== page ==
Grassley among senators seeking to end patent abuses

PatentFrom Press Release


Senate Judiciary Committee Chairman Chuck Grassley and Ranking Member Patrick Leahy, along with senior committee members John Cornyn and Chuck Schumer introduced legislation Wednesday that would make necessary and commonsense reforms to restore integrity to the U.S. patent system.  Judiciary Committee members Mike Lee, Orrin Hatch and Amy Klobuchar are also original cosponsors of the bill.

The bipartisan bill takes concrete steps to stop abusive patent litigation practices and prevent bad actors from further undermining the system that has made the United States one of the most dynamic and innovative countries in the world.

“Abusive patent litigation is a threat to our economy and costs consumers and businesses billions of dollars each year.  Too often, small business owners are being targeted for doing nothing more than using off-the-shelf products.  These types of frivolous lawsuits cost them millions of dollars and force them to settle despite having a strong defense,” Grassley said.  “The meaningful reforms in our bipartisan bill are needed to ensure that the innovation and entrepreneurship our patent system was designed to protect isn’t undermined.”

The key provisions of the Patent Act are:

• Clarifies Pleading Standards.  The bill would establish clear, uniform standards for pleading in patent infringement suits to give defendants real notice of the claims against them, and keep meritless lawsuits from clogging federal court dockets.  It also increases transparency by requiring early disclosures about the patent-in-suit.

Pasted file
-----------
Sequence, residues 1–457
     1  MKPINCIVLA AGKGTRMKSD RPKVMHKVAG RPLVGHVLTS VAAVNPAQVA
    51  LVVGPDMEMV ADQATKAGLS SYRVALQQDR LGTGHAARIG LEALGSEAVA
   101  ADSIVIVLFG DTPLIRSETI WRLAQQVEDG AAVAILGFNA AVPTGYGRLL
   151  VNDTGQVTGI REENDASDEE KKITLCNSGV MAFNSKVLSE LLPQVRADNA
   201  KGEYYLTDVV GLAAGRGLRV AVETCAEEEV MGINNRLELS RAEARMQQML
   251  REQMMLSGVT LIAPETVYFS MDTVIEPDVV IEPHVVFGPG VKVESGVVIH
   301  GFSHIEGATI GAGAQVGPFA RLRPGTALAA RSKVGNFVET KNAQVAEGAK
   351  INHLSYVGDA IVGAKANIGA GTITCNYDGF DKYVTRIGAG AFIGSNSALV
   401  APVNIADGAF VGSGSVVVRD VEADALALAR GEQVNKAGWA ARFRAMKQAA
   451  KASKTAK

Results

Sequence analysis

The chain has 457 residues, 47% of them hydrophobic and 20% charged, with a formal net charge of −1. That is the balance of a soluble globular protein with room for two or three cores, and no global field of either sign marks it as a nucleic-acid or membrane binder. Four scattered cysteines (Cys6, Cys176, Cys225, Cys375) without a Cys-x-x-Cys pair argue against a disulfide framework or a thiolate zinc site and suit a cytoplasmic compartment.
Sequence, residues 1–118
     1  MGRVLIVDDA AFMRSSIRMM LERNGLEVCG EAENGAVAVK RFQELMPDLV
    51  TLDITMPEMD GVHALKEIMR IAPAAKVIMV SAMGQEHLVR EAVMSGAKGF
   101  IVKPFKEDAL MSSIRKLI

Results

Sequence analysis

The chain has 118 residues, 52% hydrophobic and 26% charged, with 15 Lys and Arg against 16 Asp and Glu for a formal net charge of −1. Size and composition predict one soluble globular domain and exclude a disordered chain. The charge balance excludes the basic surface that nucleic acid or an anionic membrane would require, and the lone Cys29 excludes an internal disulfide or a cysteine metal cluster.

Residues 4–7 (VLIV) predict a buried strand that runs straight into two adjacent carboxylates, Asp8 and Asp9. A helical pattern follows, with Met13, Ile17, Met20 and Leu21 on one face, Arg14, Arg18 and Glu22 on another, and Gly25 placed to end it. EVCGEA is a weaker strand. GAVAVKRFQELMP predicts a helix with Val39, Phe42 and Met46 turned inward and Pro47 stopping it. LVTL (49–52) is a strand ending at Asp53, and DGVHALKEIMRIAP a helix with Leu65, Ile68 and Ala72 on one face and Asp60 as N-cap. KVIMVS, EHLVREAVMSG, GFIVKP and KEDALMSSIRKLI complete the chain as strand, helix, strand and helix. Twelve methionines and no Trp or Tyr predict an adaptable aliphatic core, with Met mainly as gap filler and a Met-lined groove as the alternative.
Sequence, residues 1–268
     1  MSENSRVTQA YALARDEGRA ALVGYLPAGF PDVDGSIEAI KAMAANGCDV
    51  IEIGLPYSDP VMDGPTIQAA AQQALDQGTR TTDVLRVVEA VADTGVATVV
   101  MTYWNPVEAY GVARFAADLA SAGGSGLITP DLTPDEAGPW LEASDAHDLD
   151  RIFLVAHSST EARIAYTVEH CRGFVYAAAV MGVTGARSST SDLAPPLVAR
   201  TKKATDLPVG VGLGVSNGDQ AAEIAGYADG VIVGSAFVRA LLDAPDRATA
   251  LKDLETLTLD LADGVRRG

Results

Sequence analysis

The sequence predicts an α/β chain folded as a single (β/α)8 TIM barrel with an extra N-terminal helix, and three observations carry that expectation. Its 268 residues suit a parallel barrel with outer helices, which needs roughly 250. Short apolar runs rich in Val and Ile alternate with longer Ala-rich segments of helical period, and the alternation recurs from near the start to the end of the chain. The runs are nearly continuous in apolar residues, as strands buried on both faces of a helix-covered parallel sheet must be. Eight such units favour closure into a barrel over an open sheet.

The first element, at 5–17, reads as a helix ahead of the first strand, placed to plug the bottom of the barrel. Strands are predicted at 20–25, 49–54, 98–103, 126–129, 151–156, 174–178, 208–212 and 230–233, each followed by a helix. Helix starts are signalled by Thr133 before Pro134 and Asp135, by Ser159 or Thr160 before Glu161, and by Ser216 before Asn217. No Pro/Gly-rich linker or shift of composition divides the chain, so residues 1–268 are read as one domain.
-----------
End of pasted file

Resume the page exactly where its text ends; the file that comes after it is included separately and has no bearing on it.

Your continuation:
• Protects End Users. The bill protect customers who are targeted for patent infringement based on a product they simply purchased from a manufacturer or off the shelf by allowing the stay of an infringement case against an end user of a product while the manufacturer of the product litigates the alleged infringement.

• Reasonably Limits Early Discovery.  The legislation protects litigants from the threat of expensive discovery by requiring a court to stay discovery while it resolves key early motions in the case, including motions to dismiss and transfer venue.  The bill also directs the Judicial Conference to develop rules about how much a party should bear the cost of discovery beyond what is core for the case. 

• Creates Risk for Bad Actors.  In order to deter plaintiffs and defendants from engaging in abusive and dilatory litigation practices, the bill provides that reasonable attorney fees will be awarded if the winner proves and a court rules that the losing party was not “objectively reasonable.”  The legislation provides a process to recover fees where the abusive litigant is hiding behind a shell company.

• Curbs Abusive Demand Letters.  The legislation adds requirements that demand letters contain meaningful information so they cannot be used merely to scare recipients into early settlements.  The bill also heightens penalties for those found to violate the FTC Act by sending misleading demand letters.

• Increases Transparency. The bill requires the PTO to keep information about patent ownership in order to provide a resource about patents being asserted in a demand letter or lawsuit.